New East Rockaway Fire Department Chief Ronald Roeill said that his job as a firefighter can be unpredictable.
“No two building fires are alike,” he said. “I’m only human, so I’m always nervous going on a call. You always have that fear in the back of your mind that something could go wrong.”
Roeill was sworn in as the chief of the department on April 21 in a private ceremony to maintain social distancing protocols during the coronavirus pandemic.
An iPad was used in the room to enable family members and friends to watch the ceremony. The department took six firefighters in at a time in intervals, to allow for each member being sworn in to have a chance to receive their honor.
“It was challenging to figure out who to pick for which time slots,” Roeill said. “Overall, the ceremony went better than we expected.”
In his new role as chief, Roeill is responsible for overseeing the firefighting duties of 192 volunteers. He is also tasked with preparing the fiscal budget of the Fire Department, making sure the ERFD has the correct equipment and overseeing probationary firefighters.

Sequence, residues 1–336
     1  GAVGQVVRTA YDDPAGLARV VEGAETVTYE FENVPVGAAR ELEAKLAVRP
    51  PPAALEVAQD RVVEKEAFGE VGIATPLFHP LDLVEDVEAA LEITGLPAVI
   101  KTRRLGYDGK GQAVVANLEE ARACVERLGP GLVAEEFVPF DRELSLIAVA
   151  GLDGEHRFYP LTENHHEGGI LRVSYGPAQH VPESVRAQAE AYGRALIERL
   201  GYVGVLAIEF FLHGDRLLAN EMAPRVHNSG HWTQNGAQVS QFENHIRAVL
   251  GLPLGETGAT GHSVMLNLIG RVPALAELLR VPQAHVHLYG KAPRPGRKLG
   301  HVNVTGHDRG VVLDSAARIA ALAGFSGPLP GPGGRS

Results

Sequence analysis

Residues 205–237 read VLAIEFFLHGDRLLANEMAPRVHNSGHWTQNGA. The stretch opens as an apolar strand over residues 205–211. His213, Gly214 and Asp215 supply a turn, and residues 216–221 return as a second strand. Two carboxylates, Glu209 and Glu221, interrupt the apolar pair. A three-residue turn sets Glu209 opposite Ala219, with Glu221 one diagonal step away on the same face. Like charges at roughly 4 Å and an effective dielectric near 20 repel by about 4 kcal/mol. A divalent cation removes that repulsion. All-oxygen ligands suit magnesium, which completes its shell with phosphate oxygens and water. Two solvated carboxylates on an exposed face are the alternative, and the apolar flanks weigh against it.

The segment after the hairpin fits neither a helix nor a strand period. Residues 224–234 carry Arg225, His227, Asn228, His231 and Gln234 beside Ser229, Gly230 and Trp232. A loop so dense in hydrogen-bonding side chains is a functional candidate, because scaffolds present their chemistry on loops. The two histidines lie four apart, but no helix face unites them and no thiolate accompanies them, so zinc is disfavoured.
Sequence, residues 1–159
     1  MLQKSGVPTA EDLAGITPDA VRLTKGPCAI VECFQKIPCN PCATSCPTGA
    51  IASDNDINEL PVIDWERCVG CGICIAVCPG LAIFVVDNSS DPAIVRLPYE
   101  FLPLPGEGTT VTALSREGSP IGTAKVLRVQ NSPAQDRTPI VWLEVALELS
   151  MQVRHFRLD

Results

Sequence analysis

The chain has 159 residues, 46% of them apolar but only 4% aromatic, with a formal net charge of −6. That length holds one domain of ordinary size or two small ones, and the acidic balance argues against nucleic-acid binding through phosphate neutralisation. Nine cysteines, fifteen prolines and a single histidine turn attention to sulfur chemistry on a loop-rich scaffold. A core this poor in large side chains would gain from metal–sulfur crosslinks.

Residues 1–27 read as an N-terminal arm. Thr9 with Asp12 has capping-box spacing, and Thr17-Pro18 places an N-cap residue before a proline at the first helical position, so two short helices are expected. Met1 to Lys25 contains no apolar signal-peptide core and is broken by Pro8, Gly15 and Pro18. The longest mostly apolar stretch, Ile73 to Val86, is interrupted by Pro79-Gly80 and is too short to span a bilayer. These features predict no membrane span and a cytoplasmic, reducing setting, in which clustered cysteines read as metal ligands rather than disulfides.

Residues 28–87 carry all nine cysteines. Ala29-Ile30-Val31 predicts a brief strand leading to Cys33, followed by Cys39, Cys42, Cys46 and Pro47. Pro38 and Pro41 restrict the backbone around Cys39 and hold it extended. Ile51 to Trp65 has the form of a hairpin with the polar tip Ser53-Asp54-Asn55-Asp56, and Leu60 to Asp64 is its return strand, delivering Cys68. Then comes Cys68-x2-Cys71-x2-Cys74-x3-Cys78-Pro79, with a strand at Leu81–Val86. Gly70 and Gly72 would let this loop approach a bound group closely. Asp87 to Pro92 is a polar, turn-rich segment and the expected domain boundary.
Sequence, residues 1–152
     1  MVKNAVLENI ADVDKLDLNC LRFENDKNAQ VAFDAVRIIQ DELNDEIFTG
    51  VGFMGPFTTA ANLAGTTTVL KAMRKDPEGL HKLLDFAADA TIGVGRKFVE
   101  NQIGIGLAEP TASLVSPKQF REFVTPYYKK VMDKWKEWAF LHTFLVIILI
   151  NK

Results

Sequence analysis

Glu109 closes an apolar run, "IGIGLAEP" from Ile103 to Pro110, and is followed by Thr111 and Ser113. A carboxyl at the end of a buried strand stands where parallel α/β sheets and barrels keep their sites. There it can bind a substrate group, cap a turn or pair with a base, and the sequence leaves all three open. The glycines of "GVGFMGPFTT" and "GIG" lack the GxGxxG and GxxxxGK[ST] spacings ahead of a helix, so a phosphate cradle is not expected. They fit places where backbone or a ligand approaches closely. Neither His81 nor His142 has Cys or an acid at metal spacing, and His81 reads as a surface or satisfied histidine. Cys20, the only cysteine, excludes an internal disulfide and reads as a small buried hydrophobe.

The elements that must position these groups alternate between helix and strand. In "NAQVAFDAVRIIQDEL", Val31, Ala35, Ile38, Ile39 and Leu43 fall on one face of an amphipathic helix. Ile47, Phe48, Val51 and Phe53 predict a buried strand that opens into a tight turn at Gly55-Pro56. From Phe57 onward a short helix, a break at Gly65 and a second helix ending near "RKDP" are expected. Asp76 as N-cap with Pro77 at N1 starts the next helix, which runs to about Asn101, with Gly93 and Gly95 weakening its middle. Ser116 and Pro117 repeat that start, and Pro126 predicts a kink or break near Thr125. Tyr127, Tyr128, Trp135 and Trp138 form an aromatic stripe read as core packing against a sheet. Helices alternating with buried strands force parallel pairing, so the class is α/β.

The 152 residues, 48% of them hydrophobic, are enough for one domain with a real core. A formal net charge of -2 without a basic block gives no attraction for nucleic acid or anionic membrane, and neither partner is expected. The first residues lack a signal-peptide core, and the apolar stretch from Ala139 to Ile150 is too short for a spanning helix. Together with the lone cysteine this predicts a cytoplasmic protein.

“We are a team like a machine,” Roeill said. “If one part breaks, the whole can’t operate. We have some of the most intelligent and educated people in the department, from all different career paths. They are top notch and work hard with different skills that they all bring to the table.”
Roeill is the first chief in his family, however, he is not the first firefighter. His grandfather was a firefighter for the East Rockaway Fire Department and his father was a firefighter for the Oceanside Fire Department. Roeill now holds his grandfather’s badge number, 51.
“It is an honor and a great achievement to be the first chief in my family,” Roeill said. “I had the time and passion to do it, so I went for it. My father always pushed me to be better and I know he’s proud of me.”
During his time as chief, Roeill has updated the department’s pre-planned position, a book with multiple commercial picture sites to help firefighters know where to place apparatus, fire trucks, the engine, the ladders and other vehicles on the scene of an emergency. The book also helps identify where fire hydrants are when they are not illuminating. Roeill has also updated graphs, spreadsheets and many protocols and procedures for the department. Additionally, he updated the Critical Care and Member Assistance Program, which enables members to have other volunteers talk with them and lift their spirits after tough calls.
“I’m looking to move the department forward and make it better than it is,” he said. “I have to come up with new ideas, new technology and recruit new young people into the department.”